· Bring the kids and let them help pick out some of the fruit and vegetables. They will learn how to shop wisely and might even get excited about trying new foods.

· Arrive early for best selection. Popular items may sell out fast.

· Shop late for best prices. Some farmers will sell items at a lower price, rather than taking them home. Don’t be afraid to bargain.

· Make a lap around the market before making purchases. This will allow you to see which booths have the best quality food for the lowest prices, which vendors accept EBT or nutrition program benefits, or offer promotions such as Double Dollars.

· Keep an open mind. Produce sold at the farmers’ market is usually grown for taste, not appearance. It may look imperfect, but taste great.

· Ask for seconds. Sometimes farmers have good produce that didn’t look good enough to display. Ask if they have seconds that will sell at a reduced rate.

· Buy fruit and vegetables in season. That’s when they’re at the height of quality and lowest price.

· Ask questions. Farmers are usually happy to answer questions about their produce, and they often have good cooking and serving suggestions.

· Buy now, enjoy later. If possible, buy large amounts of produce in season and freeze, can or dry it for winter. Contact the local Extension Office for information on food preservation.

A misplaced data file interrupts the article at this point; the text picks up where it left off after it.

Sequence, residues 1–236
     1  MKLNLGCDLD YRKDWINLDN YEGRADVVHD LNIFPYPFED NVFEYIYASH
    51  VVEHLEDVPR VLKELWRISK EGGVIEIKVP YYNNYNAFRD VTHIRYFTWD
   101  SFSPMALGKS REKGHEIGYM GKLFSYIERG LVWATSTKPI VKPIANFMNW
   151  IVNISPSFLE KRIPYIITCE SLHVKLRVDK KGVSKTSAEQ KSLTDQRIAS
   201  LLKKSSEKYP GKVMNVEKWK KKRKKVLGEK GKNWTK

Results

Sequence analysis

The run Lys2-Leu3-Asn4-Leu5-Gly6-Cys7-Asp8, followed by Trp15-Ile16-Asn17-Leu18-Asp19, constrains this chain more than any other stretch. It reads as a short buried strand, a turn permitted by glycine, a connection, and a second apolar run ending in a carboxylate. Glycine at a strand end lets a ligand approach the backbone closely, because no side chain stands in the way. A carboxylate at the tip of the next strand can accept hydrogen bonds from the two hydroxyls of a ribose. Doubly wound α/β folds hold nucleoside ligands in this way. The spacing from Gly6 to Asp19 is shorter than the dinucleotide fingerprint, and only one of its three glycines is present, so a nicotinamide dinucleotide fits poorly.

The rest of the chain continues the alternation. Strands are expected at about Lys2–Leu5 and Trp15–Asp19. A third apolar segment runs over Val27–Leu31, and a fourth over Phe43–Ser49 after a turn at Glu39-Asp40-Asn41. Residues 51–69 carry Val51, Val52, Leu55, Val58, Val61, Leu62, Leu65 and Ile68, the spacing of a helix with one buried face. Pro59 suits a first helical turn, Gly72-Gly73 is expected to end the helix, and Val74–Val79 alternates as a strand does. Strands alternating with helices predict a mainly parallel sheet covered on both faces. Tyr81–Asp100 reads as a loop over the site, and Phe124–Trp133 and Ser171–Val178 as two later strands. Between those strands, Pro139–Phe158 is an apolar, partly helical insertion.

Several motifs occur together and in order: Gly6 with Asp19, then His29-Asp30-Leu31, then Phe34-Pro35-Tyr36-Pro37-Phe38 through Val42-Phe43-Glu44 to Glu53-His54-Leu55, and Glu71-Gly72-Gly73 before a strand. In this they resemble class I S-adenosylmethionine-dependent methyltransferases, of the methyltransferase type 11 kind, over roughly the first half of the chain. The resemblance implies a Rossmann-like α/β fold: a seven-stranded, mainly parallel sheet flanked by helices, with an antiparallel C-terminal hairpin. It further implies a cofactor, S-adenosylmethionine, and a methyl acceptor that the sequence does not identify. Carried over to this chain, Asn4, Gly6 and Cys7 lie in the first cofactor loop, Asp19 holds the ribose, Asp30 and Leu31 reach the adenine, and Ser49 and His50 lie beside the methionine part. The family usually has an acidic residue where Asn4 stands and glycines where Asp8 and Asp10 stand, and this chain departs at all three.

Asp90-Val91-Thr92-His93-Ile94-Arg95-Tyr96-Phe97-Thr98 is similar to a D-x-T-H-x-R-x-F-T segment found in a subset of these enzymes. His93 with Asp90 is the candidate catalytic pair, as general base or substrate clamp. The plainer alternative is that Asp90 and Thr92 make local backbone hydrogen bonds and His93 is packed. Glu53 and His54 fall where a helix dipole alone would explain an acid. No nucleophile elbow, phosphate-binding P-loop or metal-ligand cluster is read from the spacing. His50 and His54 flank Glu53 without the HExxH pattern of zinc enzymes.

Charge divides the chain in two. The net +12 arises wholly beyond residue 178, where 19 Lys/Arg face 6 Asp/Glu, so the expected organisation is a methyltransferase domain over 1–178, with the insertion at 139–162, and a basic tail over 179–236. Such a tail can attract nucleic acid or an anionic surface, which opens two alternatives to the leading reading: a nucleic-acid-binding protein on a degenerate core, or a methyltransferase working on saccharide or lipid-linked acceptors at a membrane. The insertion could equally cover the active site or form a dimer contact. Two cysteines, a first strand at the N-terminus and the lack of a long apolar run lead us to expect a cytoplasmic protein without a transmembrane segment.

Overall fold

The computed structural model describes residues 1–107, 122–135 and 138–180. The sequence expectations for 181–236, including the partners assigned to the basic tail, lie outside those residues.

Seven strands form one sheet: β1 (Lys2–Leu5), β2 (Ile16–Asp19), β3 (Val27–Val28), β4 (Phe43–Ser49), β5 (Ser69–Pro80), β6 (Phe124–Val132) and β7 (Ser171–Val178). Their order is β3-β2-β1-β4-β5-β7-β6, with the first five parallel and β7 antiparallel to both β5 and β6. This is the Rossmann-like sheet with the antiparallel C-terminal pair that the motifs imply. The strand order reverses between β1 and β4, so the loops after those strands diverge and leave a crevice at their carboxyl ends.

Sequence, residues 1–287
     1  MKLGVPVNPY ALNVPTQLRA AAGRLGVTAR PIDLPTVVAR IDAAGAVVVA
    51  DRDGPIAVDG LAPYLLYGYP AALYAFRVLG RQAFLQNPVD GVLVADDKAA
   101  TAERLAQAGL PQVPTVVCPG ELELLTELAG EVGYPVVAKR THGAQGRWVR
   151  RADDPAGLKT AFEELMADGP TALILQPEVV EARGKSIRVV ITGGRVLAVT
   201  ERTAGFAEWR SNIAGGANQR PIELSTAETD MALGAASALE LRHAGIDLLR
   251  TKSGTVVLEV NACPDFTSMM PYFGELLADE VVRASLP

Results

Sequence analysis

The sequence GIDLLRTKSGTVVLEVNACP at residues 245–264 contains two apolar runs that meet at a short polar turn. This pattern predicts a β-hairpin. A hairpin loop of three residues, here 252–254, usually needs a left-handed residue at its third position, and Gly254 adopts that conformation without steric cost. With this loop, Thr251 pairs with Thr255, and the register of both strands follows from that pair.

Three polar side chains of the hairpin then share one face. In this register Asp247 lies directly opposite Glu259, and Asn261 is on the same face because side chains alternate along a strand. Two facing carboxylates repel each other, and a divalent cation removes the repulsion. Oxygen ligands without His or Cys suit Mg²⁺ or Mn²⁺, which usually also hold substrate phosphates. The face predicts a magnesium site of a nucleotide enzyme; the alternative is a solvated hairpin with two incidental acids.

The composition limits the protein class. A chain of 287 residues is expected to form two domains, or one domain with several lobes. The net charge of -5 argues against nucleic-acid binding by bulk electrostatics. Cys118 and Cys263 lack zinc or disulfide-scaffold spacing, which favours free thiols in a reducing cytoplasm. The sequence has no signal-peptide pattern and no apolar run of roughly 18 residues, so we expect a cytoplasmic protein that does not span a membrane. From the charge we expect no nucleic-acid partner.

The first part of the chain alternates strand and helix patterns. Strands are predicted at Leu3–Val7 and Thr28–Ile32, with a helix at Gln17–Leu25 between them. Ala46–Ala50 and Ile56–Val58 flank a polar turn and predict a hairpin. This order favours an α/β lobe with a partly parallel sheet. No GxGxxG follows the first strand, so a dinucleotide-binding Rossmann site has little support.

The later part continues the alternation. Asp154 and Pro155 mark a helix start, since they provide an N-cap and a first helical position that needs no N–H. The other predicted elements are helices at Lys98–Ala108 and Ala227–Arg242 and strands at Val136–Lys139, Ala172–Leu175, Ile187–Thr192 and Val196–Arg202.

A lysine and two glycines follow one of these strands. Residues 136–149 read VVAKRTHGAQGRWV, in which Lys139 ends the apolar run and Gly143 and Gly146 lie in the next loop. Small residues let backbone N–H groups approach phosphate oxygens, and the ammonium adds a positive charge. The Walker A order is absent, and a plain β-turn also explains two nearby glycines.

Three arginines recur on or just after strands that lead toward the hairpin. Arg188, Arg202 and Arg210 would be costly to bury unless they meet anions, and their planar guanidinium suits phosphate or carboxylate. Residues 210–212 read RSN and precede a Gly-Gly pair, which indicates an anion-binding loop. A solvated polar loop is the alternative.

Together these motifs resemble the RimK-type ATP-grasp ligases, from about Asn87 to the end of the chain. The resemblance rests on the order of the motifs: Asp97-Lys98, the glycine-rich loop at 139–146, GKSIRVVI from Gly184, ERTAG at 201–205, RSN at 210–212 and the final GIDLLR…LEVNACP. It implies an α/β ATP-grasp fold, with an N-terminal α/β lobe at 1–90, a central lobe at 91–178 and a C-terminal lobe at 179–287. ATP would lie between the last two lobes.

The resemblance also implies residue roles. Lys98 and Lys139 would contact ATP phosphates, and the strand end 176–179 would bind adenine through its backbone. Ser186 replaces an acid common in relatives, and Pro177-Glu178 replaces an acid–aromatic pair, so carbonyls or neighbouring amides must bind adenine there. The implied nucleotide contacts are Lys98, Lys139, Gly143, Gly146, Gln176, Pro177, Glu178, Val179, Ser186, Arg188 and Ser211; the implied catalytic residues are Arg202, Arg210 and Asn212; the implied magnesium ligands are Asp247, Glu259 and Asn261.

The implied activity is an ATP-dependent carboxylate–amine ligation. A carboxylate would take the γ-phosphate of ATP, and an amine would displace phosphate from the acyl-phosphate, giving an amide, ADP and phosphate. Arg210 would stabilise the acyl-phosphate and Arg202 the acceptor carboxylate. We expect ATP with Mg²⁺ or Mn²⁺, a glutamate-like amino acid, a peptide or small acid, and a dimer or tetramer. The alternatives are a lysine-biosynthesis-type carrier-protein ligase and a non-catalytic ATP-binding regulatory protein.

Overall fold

Celebrate Tree Check Month

By Jonathan L. Larson, Entomology Extension Specialist, Kentucky Pest News

In the spirit of invasive species awareness, the USDA has declared August as “Tree Check Month.” Specifically, the hope is that people will serve their community by checking for the Asian longhorned beetle (ALB), an invasive longhorn beetle pest that could be devastating to Kentucky forests and landscapes. While this pest is not known to currently live in the Bluegrass State, there are active infestations in Ohio, South Carolina, Massachusetts, and New York as of 2023. August is the peak season for finding adult beetles, and you are asked to contribute 10 minutes of your time by participating in Tree Check Month to help make sure that ALB hasn’t snuck into Kentucky.

Asian Longhorned Beetle Basics

Asian longhorned beetle is a pest that was first accidentally imported to the U.S. in 1996. This initial find was in Brooklyn, NY and was eventually eradicated. Unfortunately, other populations popped up in other parts of New York State, as well as New Jersey, Massachusetts, Illinois, and Ohio in the U.S., and Ontario in Canada.

Adult beetles are 1 to 1.5 inches long with antennae that are longer than the rest of the body. They are black with white splotches on the back, and the antennae are black and white. The legs and feet can have a bluish color. Larvae are cylindrical; they are a type of “roundheaded borer,” and can be up to 2 inches long. Larvae are more cryptic, as they live under the bark of the tree but can be discovered when trees are taken down.